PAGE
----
Black bass

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Micropterus
Smallmouth bass (M. dolomieu)
Scientific classification
Kingdom: Animalia
Phylum: Chordata
Superclass: Osteichthyes
Class: Actinopterygii
Order: Perciformes
Family: Centrarchidae
Genus: Micropterus
Lacepede, 1802

A black bass is a type of fresh water fish. The black basses are found throughout a large area east of the Rocky Mountains in North America, from the Hudson Bay basin in Canada to northeastern Mexico. Several species, notably the Largemouth and Smallmouth have been very widely introduced throughout the world. Black bass of all species are highly sought-after game fish, and bass fishing is an extremely popular sport.[1] These fish are well known as strong fighters, and taste good.

Description (by species)[change | change source]

  • The Largemouth bass is a fish which generally has greenish to brownish sides with a dark line which goes from the head to the tail. It's the largest member of the sunfish family. The upper jaw of a largemouth bass extends back beyond the eye.
  • The Smallmouth bass (also called the bronzeback, brownie, and smallie) is generally brown with red eyes. It has dark brown vertical bands, rather than a horizontal band along the side. There are 13–15 soft rays in the dorsal fin. The upper jaw of smallmouth bass extends to the middle of the eye.
  • The Spotted bass (or Kentucky bass) resembles the largemouth bass in coloring, but has a smaller mouth. The upper jaw of spotted bass extends to the front of the eye.

Habitat[change | change source]

Black bass are found in running and still waters, with or without aquatic vegetation (plants that live in water). they need food and some form of cover. Generally, they can tolerate a wide range of water clarities and bottom types. Most prefer water temperatures from 20 to 30°C, and are often found at depths less than 20 feet. Smallmouth prefer clear water and usually like deeper water than Largemouth.

Feeding habits[change | change source]

The feeding habits of bass change with its size. Young fish mainly feed on microscopic animals (plankton). Fingerling bass eat insects and small fishes. Adult bass will eat whatever is available, including fish, crabs, frogs, salamanders, snakes, mice, turtles, and even birds.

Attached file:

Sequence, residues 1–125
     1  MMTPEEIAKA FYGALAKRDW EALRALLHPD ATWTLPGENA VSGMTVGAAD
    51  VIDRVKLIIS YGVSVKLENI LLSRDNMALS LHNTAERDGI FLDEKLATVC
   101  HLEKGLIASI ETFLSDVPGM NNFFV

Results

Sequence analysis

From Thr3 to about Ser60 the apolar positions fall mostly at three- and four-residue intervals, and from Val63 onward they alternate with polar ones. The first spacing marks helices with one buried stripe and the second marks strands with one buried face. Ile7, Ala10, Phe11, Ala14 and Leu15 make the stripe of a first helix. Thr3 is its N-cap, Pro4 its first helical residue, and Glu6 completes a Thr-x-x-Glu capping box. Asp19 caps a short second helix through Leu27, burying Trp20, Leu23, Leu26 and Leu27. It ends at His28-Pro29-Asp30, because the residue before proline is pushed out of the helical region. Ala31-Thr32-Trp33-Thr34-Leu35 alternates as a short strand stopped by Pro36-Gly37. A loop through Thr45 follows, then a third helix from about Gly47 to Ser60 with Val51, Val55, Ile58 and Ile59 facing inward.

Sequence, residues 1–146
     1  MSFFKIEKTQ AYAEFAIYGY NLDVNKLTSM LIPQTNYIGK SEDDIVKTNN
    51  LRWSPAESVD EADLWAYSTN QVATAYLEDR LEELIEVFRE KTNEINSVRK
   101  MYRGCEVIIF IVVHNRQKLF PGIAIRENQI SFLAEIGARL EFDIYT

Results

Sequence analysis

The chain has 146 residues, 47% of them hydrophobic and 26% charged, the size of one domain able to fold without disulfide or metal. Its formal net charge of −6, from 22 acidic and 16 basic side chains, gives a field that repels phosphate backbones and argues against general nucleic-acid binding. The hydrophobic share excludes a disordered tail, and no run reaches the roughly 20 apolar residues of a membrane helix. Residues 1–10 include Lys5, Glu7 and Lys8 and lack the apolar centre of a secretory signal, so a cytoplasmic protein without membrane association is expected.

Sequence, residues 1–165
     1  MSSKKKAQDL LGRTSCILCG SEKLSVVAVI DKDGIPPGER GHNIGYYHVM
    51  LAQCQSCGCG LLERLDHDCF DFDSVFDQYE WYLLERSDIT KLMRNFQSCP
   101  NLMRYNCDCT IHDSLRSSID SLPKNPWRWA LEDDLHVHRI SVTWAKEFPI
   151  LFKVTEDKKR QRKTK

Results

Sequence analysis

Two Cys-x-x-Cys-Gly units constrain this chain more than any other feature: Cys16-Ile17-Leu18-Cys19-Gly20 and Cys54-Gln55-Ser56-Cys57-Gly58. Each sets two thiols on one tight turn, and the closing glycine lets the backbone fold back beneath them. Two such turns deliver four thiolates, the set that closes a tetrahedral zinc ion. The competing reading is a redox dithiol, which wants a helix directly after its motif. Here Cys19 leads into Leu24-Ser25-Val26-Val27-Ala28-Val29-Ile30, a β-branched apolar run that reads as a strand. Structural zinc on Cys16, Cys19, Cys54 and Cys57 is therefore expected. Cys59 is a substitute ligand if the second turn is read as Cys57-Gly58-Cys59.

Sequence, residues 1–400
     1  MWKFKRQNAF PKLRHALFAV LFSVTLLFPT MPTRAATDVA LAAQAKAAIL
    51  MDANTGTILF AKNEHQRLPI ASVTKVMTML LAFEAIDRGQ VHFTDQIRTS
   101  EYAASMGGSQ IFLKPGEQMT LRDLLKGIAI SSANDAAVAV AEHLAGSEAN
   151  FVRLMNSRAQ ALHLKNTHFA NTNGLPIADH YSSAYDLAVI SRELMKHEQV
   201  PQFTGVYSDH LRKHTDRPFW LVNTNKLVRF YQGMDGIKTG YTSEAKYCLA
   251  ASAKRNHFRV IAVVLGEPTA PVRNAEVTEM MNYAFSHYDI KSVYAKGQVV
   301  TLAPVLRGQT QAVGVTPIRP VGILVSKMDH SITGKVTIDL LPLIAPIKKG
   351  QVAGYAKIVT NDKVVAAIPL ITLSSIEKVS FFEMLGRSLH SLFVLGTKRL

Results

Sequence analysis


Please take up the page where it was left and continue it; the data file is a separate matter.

Age and growth - Growth rates are highly variable with differences attributed mainly to their food supply and length of growing season. Female bass live longer than males and are much more likely to reach trophy size. By age two or three, females grow much faster than male bass. At five years of age females may be twice the weight of males. The oldest bass from Florida whose age has been determined by fisheries' biologists was 16 years of age.

Sporting qualities[change | change source]

The largemouth bass is a very popular fresh water game fish. Much of its popularity is due to its aggressive attitude and willingness to strike a lure or bait with explosive force. They can be caught with almost every bait. The value of the largemouth as a sport fish has prompted a movement toward Catch-and-release fishing.

World record[change | change source]

22 pounds, 4 ounces, caught in Montgomery Lake, Georgia (U.S. state) in 1932.

Economic impact[change | change source]

Sport fishing for Black bass, particularly largemouth and smallmouth, has seen extraordinary growth in popularity. In Texas alone, fishermen spent $28 billion dollars on equipment, licenses and fishing trips in 1996.[1] That same year Texas sport fishing was responsible for creating 80,000 jobs and brought in over $180 million to the state in taxes.[1] Many talented fishermen have turned the sport of bass fishing into a business by becoming a professional and competing in tournaments. Kevin VanDam is the top-rated money winner in professional bass fishing, having earned more than $5.6 million.[2]

References[change | change source]

  1. 1.0 1.1 1.2 Steve Price, America's Best Bass Fishing: The Fifty Best Places to Catch Bass (Helena, MT: Falcon, 2000), p. 1
  2. "Kevin VanDam". Bassmaster. 2014. http://www.bassmaster.com/anglers/kevin-vandam. Retrieved 12 May 2014.